I’ll write a long analysis of the reasons we found it necessary to close the magazine for the October issue. I’m not in position to do it right now, however, because I simply don’t have the time. As many of you know already, I had to have open heart surgery three months ago (triple bypass operation) and once I was able to work again I was under tremendous deadline pressure to work with David Weber to get Torch of Freedom finished. (That’s the next volume in Weber’s Honor Harrington series, coming out in November.) So I’ll still trying to catch up with everything.
For the moment, I’ll just provide a short summary. In a nutshell, we were simply never able to get and retain enough subscribers to put us on a sales plateau that would allow us to continue publishing. From the beginning, we were too dependent on the income from the Universe club. The Club’s purpose was to provide the magazine with a much-needed initial surge of income—which it did indeed provide—and then, after the first year, to continue as an important but subsidiary source of income. Instead, the Club wound up being the source of about half of our annual income, from beginning to end.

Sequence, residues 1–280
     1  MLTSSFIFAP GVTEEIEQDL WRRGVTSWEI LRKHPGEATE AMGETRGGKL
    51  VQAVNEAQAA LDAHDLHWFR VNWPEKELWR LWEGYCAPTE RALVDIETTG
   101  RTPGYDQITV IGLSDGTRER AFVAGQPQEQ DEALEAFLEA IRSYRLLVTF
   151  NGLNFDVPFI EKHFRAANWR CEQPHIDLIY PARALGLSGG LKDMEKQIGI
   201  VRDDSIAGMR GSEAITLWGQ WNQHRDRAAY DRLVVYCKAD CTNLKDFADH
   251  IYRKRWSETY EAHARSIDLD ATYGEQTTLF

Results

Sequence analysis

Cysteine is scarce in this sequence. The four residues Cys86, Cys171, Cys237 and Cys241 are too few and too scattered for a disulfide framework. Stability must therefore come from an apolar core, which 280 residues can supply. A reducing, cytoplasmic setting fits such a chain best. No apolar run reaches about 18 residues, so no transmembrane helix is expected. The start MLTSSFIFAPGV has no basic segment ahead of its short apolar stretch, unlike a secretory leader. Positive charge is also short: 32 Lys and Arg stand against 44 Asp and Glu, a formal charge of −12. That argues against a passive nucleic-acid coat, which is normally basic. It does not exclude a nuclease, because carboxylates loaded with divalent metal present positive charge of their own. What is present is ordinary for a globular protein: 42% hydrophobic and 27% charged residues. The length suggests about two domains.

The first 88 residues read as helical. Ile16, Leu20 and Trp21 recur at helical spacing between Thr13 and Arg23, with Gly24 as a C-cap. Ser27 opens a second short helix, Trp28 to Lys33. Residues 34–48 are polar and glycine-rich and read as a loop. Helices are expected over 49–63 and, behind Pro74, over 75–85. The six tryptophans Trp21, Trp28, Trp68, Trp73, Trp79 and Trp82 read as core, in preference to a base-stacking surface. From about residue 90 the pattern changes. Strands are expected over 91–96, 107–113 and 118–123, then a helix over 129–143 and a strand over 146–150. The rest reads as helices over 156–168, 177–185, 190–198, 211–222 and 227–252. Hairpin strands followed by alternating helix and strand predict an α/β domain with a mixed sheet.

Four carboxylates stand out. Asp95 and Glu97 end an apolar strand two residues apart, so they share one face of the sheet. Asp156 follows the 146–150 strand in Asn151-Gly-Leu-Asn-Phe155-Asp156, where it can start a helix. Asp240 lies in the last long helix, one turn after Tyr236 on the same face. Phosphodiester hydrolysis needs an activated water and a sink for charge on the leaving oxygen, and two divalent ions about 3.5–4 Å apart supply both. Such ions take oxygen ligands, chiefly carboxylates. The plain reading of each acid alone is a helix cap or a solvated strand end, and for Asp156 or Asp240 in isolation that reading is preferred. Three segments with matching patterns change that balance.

That was just too much; or, to put it another way, a reliance on too few critically important subscribers. Once some of them began to fall by the wayside—which was inevitable and, indeed, something we expected—the magazine’s income began to be badly squeezed.
It was our hope from the beginning that, as time went by, we’d expand our regular subscription base to the point where that base alone provided all the income we needed to keep publishing. Obviously, a situation where many customers are paying a small amount is a much more stable and dependable financial basis on which to operate a magazine.
But... we never got there. As I said, we came close. But it was never enough, and as time went by the situation simply became untenable. By the end of our third year of publication (which was officially July 31, 2009), we saw no reason to think that the situation would change—not, at least, in the near enough future—and so we made the final decision to close the magazine. We wanted to make that decision early enough that we could avoid the sort of mess that so often accompanies the folding of magazines. (Short-changed subscribers, orphaned stories, unpaid authors... oh, it can get very ugly indeed.)
For whatever it’s worth, I can assure you that no one is sorrier that we had to come to this decision than the magazine’s editors, Mike Resnick and myself, and the rest of the magazine's staff: Paula Goodlett, our managing editor, Dave Freer (art director), Rick Boatright (tech geek), Walt Boyes (marketing) and Stoney Compton (for lack of a better term, our utility infielder.).
August 1, 2009
Jim Baen's Universe to Close April 2010
From the editor of Jim Baen's Universe, Eric Flint, August 1, 2009: